IN AN annual ritual, Israel will come to a standstill today for the country’s official Holocaust remembrance day. Air raid sirens will sound, pedestrians will stop in their tracks and drivers exit their vehicles and bow their heads to honour the six million victims of the Nazi genocide of the Second World War.
For Israelis of all walks of life, the two-minute tribute offers time to remember and to focus on what that period represents to them. For Israel’s dwindling population of Holocaust survivors, however, the painful memories linger year-round.
Hundreds of thousands of survivors made their way to pre-state Israel after the war and helped build a country.
With fewer than 200,000 survivors remaining, Israel is still home to the largest such community in the world.
A group of survivors who endured the worst horrors of the Holocaust was asked to share their strongest singular memory. Without exception, each focused on those closest to them who did not survive.
Shmuel Bogler – a retired police officer from Hungary – never got to say goodbye to his family, taken from their home in Bodrogkeresztur and, like most of the Hungarian Jewish community, transported to Auschwitz in south-east Poland.
Of the family’s ten children, one had died young, three had fled before the war and three others were taken to work camps. Mr Bogler was left with his parents, one brother and one sister when they were crammed into a cattle car. After five suffocating days amid the stench of human excrement, they arrived exhausted at the death camp.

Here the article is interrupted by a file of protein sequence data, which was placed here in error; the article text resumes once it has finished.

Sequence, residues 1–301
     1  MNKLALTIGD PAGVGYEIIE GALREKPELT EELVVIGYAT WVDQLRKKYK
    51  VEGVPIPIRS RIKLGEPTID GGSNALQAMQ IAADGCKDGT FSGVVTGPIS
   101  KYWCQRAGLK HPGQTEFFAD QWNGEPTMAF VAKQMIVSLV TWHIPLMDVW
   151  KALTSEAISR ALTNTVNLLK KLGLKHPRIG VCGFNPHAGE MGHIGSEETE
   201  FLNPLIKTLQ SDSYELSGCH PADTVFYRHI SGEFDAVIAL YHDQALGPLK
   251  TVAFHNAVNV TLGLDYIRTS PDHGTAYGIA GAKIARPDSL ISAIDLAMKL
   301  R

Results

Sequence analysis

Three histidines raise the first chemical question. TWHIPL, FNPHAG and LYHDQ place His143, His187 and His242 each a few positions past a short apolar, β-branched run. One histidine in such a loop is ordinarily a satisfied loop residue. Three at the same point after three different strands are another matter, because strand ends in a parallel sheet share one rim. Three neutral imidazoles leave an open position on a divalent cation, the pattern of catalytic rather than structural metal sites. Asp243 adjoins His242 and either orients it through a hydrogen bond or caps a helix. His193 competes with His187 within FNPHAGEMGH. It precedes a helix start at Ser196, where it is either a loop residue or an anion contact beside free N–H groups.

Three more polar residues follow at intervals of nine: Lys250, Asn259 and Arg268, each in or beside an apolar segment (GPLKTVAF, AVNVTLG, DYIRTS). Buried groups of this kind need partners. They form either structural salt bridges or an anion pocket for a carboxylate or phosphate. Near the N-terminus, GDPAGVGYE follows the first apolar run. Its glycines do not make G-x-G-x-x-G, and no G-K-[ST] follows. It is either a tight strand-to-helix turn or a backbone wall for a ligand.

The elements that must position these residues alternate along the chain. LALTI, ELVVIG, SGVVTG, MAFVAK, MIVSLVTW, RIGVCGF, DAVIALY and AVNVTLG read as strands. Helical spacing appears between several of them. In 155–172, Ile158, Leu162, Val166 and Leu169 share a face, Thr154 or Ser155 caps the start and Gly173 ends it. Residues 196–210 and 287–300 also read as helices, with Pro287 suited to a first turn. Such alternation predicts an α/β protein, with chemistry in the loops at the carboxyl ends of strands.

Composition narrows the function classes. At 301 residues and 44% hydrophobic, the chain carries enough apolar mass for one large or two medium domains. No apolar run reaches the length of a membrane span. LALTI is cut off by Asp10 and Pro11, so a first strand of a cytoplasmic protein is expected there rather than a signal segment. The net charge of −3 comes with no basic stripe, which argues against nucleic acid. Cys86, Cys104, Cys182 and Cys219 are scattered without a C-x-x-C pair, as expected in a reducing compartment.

“The first thing they did was beat us and separate the women from the men. It happened so quickly, I couldn’t even part from my mother and sister,” the 84-year old said.
Next to go was his father, who was told to go left at the selection line of Nazi doctor Josef Mengele, who was known as the “Angel of Death” for deciding who would live and who would die.
“I remember him begging: ‘I am still young, I can run, I can work’. But it didn’t help and I couldn’t say farewell to him either,” Mr Bogler recalled.
At 14, he and his brother were left alone. They survived Auschwitz, where he remembers the screaming of Jewish inmates who were burned alive and the smell of their charred flesh.
“I don’t know if mother and father were among them. I have no evidence of how they died,” he said.
The brothers wandered together between work camps, where he remembers them being constantly hungry and infested with lice. Eventually they were liberated from the Buchenwald concentration camp in Weimar, Germany, and Mr Bogler later made his way to Israel, where he fought in its 1948 war of independence.
“I still have nightmares to this day,” he said. “Just two weeks ago I had a dream in which I was taken to a death camp.”
Although he is no longer an observant Jew, Mr Bogler said he still goes to synagogue to honour his father who was religious and whose beard and sidelocks were sheared by the Nazis in humiliating fashion.
“The hardest part is not having a Jewish grave for my parents in which to honour them,” he said.
Figures yesterday showed that violent attacks against Jews worldwide dropped in 2013, but anti-Semitism is becoming more widespread in Europe amid a rise of extremist parties.
Researchers at Tel Aviv University recorded 554 violent anti-Semitic acts in 2013, including attacks on people and vandalism against synagogues, cemeteries and other Jewish institutions.
The figures showed a 19 per cent drop compared to 2012, when a deadly shooting at a Jewish school in Toulouse, southern France, sparked copycat attacks.